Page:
Compared with traditional solid surfaces that allow rainwater to “run off,” picking up pollutants and carrying them into stormwater systems and waterways, permeable paver systems filter water through layers of aggregate and then into soil or through pipes into rain gardens or retention ponds. Walkways, patios, golf course paths, driveways and streets can be made of permeable pavements. Ted Corvey, paver business director for Pine Hall Brick, says two forces are driving increased interest in permeable paver systems: government regulations and consumer desire to use environment-friendly products.
The U.S. EPA began implementing phase two of its stormwater program, which requires small municipalities to manage stormwater runoff in 2003, and the regulations went into effect fully in July 2007. (Phase one, developed in 1990, applied to municipalities with populations of 100,000 or more.) To comply with the federal mandates, local governments enacted a variety of laws associated with stormwater runoff. Corvey says interest in permeable pavement systems increased dramatically after phase two of the EPA program took effect.
Tal Shuford, president of Cobble Systems and EuroGrout, says architects and engineers specified permeable paver systems three times as often this year compared with last year in projects which used his company’s products. Meeting evolving regulations was the primary motivation.
New laws most likely to affect your residential clients are those setting “impervious cover limits.” These ordinances apply to new construction and remodeling projects, and state impervious surfaces such as the footprint of the home, driveway, patio, etc., can’t take up more than a certain percentage of the lot. Corvey says impervious cover limits often come into play in established, affluent neighborhoods where property owners are discovering they’ll have to decrease the size of their driveways – or replace them with permeable/pervious systems – in order to increase their home’s footprint through a remodeling project.
Permeable paver systems offer your commercial clients benefits and increased options as well. When installed properly, most systems qualify for LEED credits – a big plus since many corporations and universities are striving for LEED certification. Owners of commercial properties with large buildings have the opportunity to satisfy new ordinances with permeable parking lots rather than retention ponds, Corvey says. Products such as EP Henry’s Turf Pavers, which permit grass to grow through gravel-filled cells, allow cities and companies to retain green space in areas that have to stand up to occasional vehicle traffic. Turf Pavers often are used around shore homes as well, to help control erosion and water pollution and maximize green space on small lots, says Lance Malesh, chief operating officer, EP Henry.
Municipalities that use permeable pavement systems for streets, alleyways and sidewalks can reduce their reliance on or eliminate the need for complex storm water systems. For example, Rosemary Beach, Florida, a planned community founded in 1995, has no stormwater system and installed a permeable paver system for its main street and town square in October. The ability of the town’s original pervious concrete roads to stand up to heavy traffic and absorb water was poor, due largely to inconsistent batches, says Jim Bagby, town manager of Rosemary Beach. Retrofitting the 107-acre development with a stormwater system in order to use traditional paving methods would have been cost prohibitive, Bagby says. In September 2007, the town installed a 5,000-square-foot test pattern comprising Cobble Systems’ concrete pavers and permeable EuroGrout. When five inches of rain fell in two hours, “it handled it marvelously,” Bagby says. The look is aesthetically pleasing as well. “The town has a West Indies, European feel and the cobblestones just add to it,” he says. Town leaders plan to use the permeable paver system throughout Rosemary Beach.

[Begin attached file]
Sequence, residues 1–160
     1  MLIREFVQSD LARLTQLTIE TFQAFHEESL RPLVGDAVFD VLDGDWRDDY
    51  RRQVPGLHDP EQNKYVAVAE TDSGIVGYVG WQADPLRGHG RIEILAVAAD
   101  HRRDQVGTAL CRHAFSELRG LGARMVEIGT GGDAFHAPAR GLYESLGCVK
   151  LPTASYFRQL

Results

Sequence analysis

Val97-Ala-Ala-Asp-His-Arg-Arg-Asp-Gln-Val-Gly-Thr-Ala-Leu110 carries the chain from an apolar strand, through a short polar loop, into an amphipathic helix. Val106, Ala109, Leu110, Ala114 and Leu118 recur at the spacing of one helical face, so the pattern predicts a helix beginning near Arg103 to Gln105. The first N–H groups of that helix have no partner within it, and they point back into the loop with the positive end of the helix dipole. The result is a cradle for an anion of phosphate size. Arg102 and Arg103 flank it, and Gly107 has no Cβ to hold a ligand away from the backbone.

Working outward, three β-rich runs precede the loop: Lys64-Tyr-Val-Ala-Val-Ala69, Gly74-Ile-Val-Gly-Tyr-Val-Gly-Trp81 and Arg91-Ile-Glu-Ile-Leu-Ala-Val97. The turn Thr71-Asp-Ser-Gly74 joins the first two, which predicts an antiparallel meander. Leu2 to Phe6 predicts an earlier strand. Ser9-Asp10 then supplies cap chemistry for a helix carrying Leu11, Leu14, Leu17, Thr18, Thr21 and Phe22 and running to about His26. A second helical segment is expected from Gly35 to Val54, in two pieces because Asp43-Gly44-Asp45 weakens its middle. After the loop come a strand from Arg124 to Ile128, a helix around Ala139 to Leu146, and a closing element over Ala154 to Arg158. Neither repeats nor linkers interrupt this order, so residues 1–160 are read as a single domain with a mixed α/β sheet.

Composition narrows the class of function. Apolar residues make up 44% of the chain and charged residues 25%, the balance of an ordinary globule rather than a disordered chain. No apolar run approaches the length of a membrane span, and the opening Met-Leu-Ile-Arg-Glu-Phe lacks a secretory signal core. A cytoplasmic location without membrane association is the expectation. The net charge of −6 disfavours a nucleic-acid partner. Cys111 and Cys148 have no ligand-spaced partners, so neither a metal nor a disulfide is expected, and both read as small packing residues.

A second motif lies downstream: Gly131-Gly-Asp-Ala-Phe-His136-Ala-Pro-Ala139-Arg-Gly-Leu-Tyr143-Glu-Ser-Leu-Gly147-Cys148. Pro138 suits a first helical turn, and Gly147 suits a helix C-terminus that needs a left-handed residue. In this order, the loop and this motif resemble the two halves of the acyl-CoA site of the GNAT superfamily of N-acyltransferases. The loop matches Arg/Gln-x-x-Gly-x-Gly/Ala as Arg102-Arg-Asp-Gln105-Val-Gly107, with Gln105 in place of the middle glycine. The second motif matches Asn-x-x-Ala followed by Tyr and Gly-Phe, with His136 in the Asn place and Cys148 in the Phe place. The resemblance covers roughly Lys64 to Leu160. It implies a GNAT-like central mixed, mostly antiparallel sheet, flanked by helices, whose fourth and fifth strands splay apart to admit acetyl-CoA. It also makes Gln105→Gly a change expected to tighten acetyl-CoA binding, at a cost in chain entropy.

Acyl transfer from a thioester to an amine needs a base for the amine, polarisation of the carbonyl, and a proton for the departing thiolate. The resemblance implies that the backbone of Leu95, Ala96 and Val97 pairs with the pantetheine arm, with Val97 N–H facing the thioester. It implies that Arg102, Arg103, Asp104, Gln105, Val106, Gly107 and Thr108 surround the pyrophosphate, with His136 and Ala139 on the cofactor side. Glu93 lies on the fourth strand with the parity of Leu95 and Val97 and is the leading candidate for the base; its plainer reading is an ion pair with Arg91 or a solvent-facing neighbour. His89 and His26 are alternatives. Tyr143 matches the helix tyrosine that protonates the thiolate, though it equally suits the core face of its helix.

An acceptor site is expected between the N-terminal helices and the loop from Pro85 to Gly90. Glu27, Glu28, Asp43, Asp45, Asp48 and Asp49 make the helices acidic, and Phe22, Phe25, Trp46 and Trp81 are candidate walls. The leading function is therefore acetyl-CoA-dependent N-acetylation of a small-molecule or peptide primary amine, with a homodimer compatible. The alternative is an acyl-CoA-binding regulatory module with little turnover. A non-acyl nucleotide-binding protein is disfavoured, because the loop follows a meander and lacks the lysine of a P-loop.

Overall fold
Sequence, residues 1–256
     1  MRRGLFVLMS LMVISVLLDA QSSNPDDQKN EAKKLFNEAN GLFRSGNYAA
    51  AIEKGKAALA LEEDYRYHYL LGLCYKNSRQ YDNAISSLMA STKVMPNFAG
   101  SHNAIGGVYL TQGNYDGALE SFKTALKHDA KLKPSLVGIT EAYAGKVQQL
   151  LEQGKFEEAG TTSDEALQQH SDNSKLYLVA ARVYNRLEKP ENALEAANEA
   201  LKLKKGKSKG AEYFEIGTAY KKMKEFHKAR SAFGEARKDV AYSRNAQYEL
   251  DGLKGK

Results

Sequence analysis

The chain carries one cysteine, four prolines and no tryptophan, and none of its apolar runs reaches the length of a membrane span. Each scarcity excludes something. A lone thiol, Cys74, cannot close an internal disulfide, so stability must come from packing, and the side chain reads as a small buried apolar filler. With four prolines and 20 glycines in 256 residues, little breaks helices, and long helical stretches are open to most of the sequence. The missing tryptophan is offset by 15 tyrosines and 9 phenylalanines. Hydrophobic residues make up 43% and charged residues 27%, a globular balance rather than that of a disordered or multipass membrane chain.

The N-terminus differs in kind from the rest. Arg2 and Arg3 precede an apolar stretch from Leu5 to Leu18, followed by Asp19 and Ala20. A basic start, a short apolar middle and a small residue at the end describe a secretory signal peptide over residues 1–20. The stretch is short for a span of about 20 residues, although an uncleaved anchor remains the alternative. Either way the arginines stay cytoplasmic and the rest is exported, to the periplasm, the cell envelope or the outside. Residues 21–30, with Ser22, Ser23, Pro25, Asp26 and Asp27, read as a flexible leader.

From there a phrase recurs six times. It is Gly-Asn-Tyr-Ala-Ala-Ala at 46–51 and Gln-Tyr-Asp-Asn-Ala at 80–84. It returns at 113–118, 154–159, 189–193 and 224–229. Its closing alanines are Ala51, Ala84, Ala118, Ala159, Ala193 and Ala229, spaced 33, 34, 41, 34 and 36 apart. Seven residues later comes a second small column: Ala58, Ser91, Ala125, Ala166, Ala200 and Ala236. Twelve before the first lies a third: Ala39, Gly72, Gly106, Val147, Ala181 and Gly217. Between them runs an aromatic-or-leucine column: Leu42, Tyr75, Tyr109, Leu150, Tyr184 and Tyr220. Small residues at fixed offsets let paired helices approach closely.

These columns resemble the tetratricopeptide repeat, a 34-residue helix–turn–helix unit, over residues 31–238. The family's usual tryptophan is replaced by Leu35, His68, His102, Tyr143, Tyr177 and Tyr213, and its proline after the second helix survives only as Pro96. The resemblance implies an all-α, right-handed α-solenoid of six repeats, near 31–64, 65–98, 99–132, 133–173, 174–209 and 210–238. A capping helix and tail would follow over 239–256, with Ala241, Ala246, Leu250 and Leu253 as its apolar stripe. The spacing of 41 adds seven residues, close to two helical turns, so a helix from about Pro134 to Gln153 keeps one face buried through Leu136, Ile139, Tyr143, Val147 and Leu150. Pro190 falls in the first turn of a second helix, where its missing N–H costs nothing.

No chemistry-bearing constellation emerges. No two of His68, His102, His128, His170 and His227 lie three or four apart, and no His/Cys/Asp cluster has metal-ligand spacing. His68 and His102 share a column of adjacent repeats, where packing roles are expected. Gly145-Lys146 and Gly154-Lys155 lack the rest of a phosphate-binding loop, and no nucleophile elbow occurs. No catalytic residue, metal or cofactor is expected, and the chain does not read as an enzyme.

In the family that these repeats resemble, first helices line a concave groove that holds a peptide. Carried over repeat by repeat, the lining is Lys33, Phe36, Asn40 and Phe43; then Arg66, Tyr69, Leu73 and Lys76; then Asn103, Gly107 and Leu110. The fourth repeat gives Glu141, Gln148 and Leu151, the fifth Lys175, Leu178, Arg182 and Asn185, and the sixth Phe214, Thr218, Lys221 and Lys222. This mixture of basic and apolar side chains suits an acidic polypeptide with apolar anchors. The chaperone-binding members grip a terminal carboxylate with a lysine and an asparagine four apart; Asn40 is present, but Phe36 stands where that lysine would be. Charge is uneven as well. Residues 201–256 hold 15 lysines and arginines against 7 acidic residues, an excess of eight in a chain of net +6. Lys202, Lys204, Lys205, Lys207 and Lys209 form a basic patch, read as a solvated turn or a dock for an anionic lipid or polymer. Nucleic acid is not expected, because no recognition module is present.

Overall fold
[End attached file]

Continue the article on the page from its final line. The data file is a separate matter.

How it works
The oft-used phrase “permeable pavers” is a bit misleading. In most cases, the pavers themselves, whether brick or concrete, are not permeable. The only difference between permeable pavers and traditional pavers is the spacing between them. Most permeable pavers have spacers on their sides that create larger gaps – typically / inch to 1/2 inch – than the joints between traditional pavers. Cobble Systems’ pavers are attached to 5-foot-square nylon grids, with similar spacing between stones.
The key to making the systems permeable is site preparation. It usually involves excavating to a depth of 12 to 24 inches and installing layers of progressively smaller, open-graded aggregates. (See cross-section drawing below). You use the top-layer aggregate instead of sand to fill voids between pavers or you can use permeable grout. Because the market for permeable pavement is growing and few landscape contractors are trained to install it, learning these skills now could benefit your business. “You can differentiate yourself,” Malesh says. “It also gives you another way of selling a paving system. A lot of people want to make sure they’re doing their part to preserve the environment.”
Installing a permeable paver system
Proper installation is site and paver specific (www.icpi.org for guidelines), but this drawing shows a typical permeable paver system. Aggregate layers below pavers create a reservoir for rainwater. Soil and aggregate compaction and appropriate edge restraints differ from traditional paver installation.
Drawing courtesy EP Henry.